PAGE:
Types of customer loyalty programs


Identifying your brand’s purpose, nailing your customer service and asking for feedback are the simplest ways to grow and maintain customer loyalty. Implementing a customer loyalty program however might sound like a lot of work - but it doesn’t have to be. As we mentioned above, there are various ways to leverage programs that are online and offline, so it’s useful to understand the benefits of each to define a solution that’s right for you in your quest to build customer loyalty.  It’s important to think about your industry, basket values and product/service frequency to identify the right solution for you. 


Points 


Point based rewards are likely the most recognisable technique when it comes to a customer loyalty program. Users accumulate points for spend with a given brand that enables them to use as credit for future spend, typically £1 spent = 1 point. This is great for creating a ‘brand currency’ keeping customers tied to your business. Take Tesco Clubcard for example, for every £1 or £2 spent, you'll gain 1 point which will equate to 1p to spend in store via vouchers.

Image source: tesco.com/clubcard/collect-points/


Things to consider:

The duration for which users get to see the benefits of the points program can be lengthy and consumers could begin to feel impatient waiting for their rewards. This tactic could be troublesome for specific industries that have lower basket values meaning fewer opportunities to accrue points. 



Tiers


This approach is similar to point based rewards. Tiers tie your customer to your brand longer term. The concept has customers gather points that unlock various tiers of rewards. This gamified tactic is great for motivating increased spend as it creates an aspiration to reach new ‘levels’ which provide bigger and better benefits. 

Image source: https://www.britishairways.com/en-gb/executive-club/tiers-and-benefits

Take British Airways for example, their customer loyalty program has three tiers which travellers can unlock depending on how many flights they take with the airline. Each tier will allow customers different access to perks such as priority boarding, lounge access, seat selection and extra baggage. This reward program will motivate flyers to buy with BA over a different airline even if it's more expensive as a result of aspirations to secure the lucrative gold card.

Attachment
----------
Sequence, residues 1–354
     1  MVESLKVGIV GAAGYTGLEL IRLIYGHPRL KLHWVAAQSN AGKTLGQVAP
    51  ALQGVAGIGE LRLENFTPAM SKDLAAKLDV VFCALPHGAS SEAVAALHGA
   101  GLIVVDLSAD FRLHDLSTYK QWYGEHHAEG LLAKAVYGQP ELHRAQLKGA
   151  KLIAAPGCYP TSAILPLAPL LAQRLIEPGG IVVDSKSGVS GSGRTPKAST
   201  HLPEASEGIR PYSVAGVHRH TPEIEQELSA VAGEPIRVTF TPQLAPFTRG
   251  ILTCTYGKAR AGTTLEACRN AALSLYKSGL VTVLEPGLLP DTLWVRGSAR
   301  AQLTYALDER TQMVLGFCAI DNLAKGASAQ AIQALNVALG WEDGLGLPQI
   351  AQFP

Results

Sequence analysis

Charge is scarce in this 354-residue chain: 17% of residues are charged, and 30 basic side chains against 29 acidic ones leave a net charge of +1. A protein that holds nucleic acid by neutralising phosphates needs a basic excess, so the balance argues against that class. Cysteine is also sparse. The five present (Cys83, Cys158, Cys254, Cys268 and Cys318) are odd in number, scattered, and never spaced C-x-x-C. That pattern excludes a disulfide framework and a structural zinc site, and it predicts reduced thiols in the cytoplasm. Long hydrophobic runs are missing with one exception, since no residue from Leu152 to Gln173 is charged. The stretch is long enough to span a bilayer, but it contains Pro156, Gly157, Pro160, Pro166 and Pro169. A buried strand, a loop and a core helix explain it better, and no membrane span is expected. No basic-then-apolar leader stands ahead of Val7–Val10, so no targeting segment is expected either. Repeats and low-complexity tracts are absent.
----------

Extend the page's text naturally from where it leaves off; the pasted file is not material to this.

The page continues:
Things to consider: 


Tiers are great if you wish to create an air of exclusivity when it comes to your brand. The approach allows you to double down on rewarding your most valuable customers but this will mean you’ll require a cohort of customers who see your brand as high value and are prepared to spend big, frequently. 



Cashback

Cashback continues to grow in the customer loyalty program space thanks to innovative and secure technology. In its most simplest form, consumers receive a proportion of money back when they purchase a product or service. It might sound like you’re giving away free money, but offering cashback can often be cheaper than discounting your inventory.  According to Forbes, "more brands see increased revenue via rewards (36%) compared to discounts (28%)". It all comes down to the instant gratification customers experience in which they perceive a higher value attributed to their spend, in fact research by The Centre for Generational Kinetics discovered that brands who offer at least 5% instant cashback will see greater sales. 


Image source: https://www.americanexpress.com/uk/credit-cards/platinum-cashback-everyday-credit-card/

American Express utilises this technique offering up to 1% cashback on spend in order to deviate customers away from competitors, a smart move in a highly saturated market. Notably the consumer does have limitations around when they're viable for the cashback, with the fine print highlighting that it is only applicable on minimum spends of £3000.


Things to consider: 

With new technology like card linking, customers can see the money go straight into their bank account. Although American Express requires high spend in order for customers to benefit, this approach is also great for industries with low and basket values and heavy competition, because what’s more attractive than cold hard cash?   


Swipii for example, is a customer loyalty program for local businesses. There's no minimum spend for customers to receive cashback and businesses can decide how much they want to offer customers and when, there's no limit. Great for drumming up business when it's quiet or if you want to target to your best customers to say thank you for their loyalty.


Punch Cards